Reynolds 29 Enduro Wheels


Mounting the 29 Enduros to my Evil Following was quick and easy. I swapped the Shimano freehub for an XD driver (that was included with the wheels) — that process is as easy as yanking one off and popping the other one on.

Mounting tires was similarly easy; the rims have a nice little “bead hook” molded into them, which yields a fit that was just the right amount of tight with the Maxxis Highroller 2’s I was using. They’re tight enough to easily get the bead to seat solidly without the need for a compressor, but they’re not so tight that I had to swear at them or resort to tools while putting the tire on.

The Ride

The defining characteristic of the 29 Enduro wheels is that they’re pretty dang stiff. Most noticeable is their lateral stiffness, but they’re quite stiff vertically, too. Out of the wheels I’ve ridden (both carbon and aluminum), I’d say the 29 Enduro is very close to the stiffest in its class.

Now, of course, the 29 Enduro wheelset isn’t quite up to DH-levels of burliness — it’s running on 28 spokes and it has relatively low hub flanges, both of which make the wheel a bit less stiff. But despite that, I’ll say it again: these wheels are damn stiff.

And, of course, they’re also pretty light. Like any other lightweight wheel, this translates into quicker acceleration and a certain ease when it comes to snapping through turns. The biggest thing here, though, is the combination of light weight and stiffness. You can accelerate like you’re on a XC bike, but also throw the bike into a corner without worrying about your wheel folding.

I noted in my review of the Enve M60 HV that, when that wheel flexes, it’s more of a “whole wheel flex.” In hard corners, it feels like the whole rim is pushed to one side, rather than one defined spot in the rim bending over (which is more the sensation I get with aluminum rims). The 29 Enduro wheels exhibit this same feeling, but to a much smaller degree than the Enve’s.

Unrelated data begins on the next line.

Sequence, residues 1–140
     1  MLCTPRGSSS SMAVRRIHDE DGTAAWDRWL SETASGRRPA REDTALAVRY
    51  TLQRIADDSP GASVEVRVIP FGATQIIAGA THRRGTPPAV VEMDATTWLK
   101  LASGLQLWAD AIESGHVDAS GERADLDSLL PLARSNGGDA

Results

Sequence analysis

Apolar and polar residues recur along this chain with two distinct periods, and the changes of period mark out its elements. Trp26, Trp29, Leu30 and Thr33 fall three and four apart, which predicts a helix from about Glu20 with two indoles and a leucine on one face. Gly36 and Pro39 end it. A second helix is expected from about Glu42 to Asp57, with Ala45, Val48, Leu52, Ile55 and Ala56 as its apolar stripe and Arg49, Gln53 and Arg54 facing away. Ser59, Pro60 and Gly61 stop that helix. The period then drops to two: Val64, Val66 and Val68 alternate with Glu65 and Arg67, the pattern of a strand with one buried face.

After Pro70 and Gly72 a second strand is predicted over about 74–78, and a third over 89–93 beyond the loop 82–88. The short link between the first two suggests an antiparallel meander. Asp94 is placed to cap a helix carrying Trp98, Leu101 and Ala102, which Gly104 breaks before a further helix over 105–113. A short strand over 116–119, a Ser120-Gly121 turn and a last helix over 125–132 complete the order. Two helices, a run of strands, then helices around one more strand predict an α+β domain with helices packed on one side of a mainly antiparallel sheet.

Noah Bodman reviews the Reynolds Enduro 29 Wheels for Blister Gear Review
Noah Bodman on the Reynolds 29 Enduro wheels.

Also, in a bid for the Captain Obvious award, the 29 Enduro wheels ride like a carbon wheel. They have a dampness to them that’s characteristic to carbon — high frequency vibrations are heavily muted. I can’t say high frequency vibrations ever particularly bothered me in all the years I’ve spent on aluminum rims, but I’ll readily admit that all weight and stiffness attributes aside, the way carbon rims ride is really nice. This isn’t unique to the 29 Enduro wheels, but there’s a certain velvety ride quality that’s dangerously addicting (“dangerous” mostly in the economic sense).

Aside from the stiffness and carbon attributes, the wheels really just feel like a nice, super-dialed wheel. The quick engagement of the hubs makes ratcheting up technical climbs super easy, the only downside being that they’re quite loud — the angry swarm of bees follows you everywhere.



So you’ve decided to take a somewhat serious look at plopping down a metric shitton of money for some wheels. I haven’t spent time on every high zoot carbon wheel out there, but I have been swapping back and forth between the Enve M60 Forty HV  and the 29 Enduro this spring. I’ve run both wheels on the same bike with the same tires on the same trails, so here’s how they stack up.

The wheelsets as a whole weigh about the same — the 29 Enduros are about 10 g heavier for the complete wheelset, which is negligible. But that comes with a significant caveat: the M60’s I was riding were built with Chris King hubs, which are substantially heavier than than the Industry 9’s on the 29 Enduros. Which means that the M60’s are lighter at the rim, but heavier at the hub, and that translates to a wheelset that feels lighter on the trail (rotational weight matters, y’know).

The flip side of that, however, is that the 29 Enduro’s are noticeably stiffer, both vertically and laterally. While I wouldn’t call either wheelset flexy, I get quite a bit more wiggle out of the M60’s in hard corners than I do with the 29 Enduro. I’d say the 29 Enduro rim is probably closer to the M70 HV in terms of stiffness (and possibly even a touch stiffer). If you’re riding a hardtail where a bit of compliance in the wheels is appreciated, the 29 Enduro’s are arguably too stiff. But on the Evil Following, the stiffness was definitely appreciated.